Nigerian ISP Hijacks Google Traffic, Sends It Through Russia and China

A small Nigerian Internet service provider (ISP) hijacked traffic meant for Google data centers on Monday, re-routing local traffic through China and Russia and making some hosted services temporarily unavailable for users.

The culprit of the activity that took down some of Google’s hosted services Monday is called MainOne Cable Company, which erroneously advertised that it was hosting Google IP addresses normally assigned to Google’s data-center network, leaking 212 Google prefixes to China Telecom. The event caused traffic to be redirected and or dropped, resulting in service outages.

BGPmon, a service that monitors Internet traffic routes through small ISPs, discovered the abnormal network activity Monday afternoon Pacific time and tweeted about it, publishing a list of the affected prefixes and describing the whole situation in a Twitter play-by-play.

“Appears that Nigerian ISP AS37282 ‘MainOne Cable Company’ leaked many @google prefixes to China Telecom, who then advertised it to AS20485 TRANSTELECOM (Russia),” the company tweeted Monday. “From there on others appear to have picked this up.”

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The misidentification of the IP addresses caused a chain reaction of re-routing traffic intended for Google’s network to MainOne instead, resulting in Google customer disruptions and outages for about 74 minutes, BGPmon reported.

Denial of service for customers

ThousandEyes, an Internet network intelligence company, was one of the victims of the traffic hijacking, with staff experiencing denial of service for G Suite–Google’s cloud-based productivity and collaboration tools–and other Google services for more than an hour, Ameet Naik, a technical marketing management, said in a blog post.

“The outage not only affected G Suite, but also Google Search as well as Google Analytics,” he wrote. “What caught our attention was that traffic to Google was getting dropped at China Telecom. Why would traffic from a San Francisco office traversing to Google go all the way to China? We also noticed a Russian ISP in the traffic path, which definitely sparked some concerns.”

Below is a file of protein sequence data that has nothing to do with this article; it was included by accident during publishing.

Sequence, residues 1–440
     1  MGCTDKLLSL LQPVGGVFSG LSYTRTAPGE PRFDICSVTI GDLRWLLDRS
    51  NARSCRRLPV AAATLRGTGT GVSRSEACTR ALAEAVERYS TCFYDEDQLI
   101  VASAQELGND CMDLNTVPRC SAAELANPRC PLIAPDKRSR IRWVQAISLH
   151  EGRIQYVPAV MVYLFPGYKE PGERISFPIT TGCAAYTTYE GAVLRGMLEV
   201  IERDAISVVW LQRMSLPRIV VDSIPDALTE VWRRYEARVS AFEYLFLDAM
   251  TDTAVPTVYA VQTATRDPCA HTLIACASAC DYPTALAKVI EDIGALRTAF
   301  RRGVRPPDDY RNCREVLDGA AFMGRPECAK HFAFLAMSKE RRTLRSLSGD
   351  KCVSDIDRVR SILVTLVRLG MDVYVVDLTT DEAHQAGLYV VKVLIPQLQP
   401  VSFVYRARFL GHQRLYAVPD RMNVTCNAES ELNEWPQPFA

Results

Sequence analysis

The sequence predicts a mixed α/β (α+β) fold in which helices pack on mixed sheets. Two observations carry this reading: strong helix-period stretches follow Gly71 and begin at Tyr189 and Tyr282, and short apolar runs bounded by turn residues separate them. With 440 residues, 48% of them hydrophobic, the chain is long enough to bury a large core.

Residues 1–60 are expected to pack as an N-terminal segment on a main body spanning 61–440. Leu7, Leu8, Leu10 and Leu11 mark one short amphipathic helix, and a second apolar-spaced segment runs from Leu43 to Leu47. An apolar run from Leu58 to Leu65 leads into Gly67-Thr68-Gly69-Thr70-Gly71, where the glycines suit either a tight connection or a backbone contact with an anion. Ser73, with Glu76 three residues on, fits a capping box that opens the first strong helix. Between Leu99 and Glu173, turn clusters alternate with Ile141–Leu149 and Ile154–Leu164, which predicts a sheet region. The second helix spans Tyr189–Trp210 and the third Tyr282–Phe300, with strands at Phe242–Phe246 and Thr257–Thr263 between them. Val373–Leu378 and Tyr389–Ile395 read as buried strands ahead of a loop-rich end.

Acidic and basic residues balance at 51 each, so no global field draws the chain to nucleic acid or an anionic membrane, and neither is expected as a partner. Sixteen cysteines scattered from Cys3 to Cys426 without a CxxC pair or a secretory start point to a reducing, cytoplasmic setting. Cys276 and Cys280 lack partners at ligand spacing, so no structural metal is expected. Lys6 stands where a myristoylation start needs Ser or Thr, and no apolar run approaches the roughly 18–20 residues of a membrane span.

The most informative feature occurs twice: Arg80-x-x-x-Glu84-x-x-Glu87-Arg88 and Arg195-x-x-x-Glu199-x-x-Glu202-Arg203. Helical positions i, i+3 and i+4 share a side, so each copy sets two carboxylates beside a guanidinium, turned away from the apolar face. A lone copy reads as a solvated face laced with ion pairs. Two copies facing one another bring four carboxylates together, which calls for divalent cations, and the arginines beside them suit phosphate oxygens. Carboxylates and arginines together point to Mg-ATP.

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A graph by BGPmon, a service that analyzes Internet traffic, shows how traffic intended for Google was re-routed by a Nigerian ISP to China Telecom. (source: BGPmon)

With China and Russia well-known for conducting state-sponsored cybercrime, ThousandEyes researchers decided to probe further to get to the root of the problem, Naik said.

“Our analysis indicates that the origin of this leak was the BGP peering relationship between MainOne, the Nigerian provider, and China Telecom,” he explained in the post. “MainOne has a peering relationship with Google via IXPN in Lagos and has direct routes to Google, which leaked into China Telecom.”

Naik also noted that the leak impacted mainly business-grade transit and not consumer ISP networks.

MainOne attributed the issue to “an error during a planned network upgrade due to a misconfiguration on our BGP filters,” the company tweeted. “The error was corrected within 74mins and processes put in place to avoid reoccurrence.”

BGP stands for “Border Gateway Protocol,” an inherently insecure protocol created in the early 1980s that allows anyone on the network to announce a bad BGP route and receive traffic that was not intended for them.

Security experts consider the protocol a high risk and–if hijacked–there are serious consequences, because an unauthorized network can intercept traffic not intended for it that can be analyzed and later decrypted for malicious use.

Accident–or accidentally on purpose?

Google acknowledged the situation as it was in progress on Monday, posting on its website that it received a report of an issue with Google Cloud Networking, with IP addresses hosted by the service “being erroneously advertised by Internet service providers other than Google.”

The company resolved the issue–about which it first posted at 2:26 p.m.–about a half-hour later, it said. However, it’s troubling that it even occurred, and there is precedent to wonder if the incident was indeed just an accident, Naik said.

“While we don’t know if this was a misconfiguration or a malicious act, these leaked routes propagated from China Telecom, via TransTelecom to NTT and other transit ISPs,” he said.

Indeed, China Telecom has been found in the past to engage in significant traffic hijacking by exploiting the BGP, something that was the topic of a recently published, controversial paper.

In the paper, researchers from the U.S. Naval War College and Tel Aviv University claimed that in 2016 and 2017, China Telecom deliberately steered numerous Internet traffic routes through China, including routes from Canada to Korean government sites, traffic from the United States to a bank headquarters in Milan, Italy, and traffic from Sweden and Norway to the Japanese network of a large American news organization.

Naik also pointed to a notable rise in BGP hijacking incidents, and warned companies to keep a close eye on the situation to “detect such incidents quickly in order to mitigate any service impacts to their business.”

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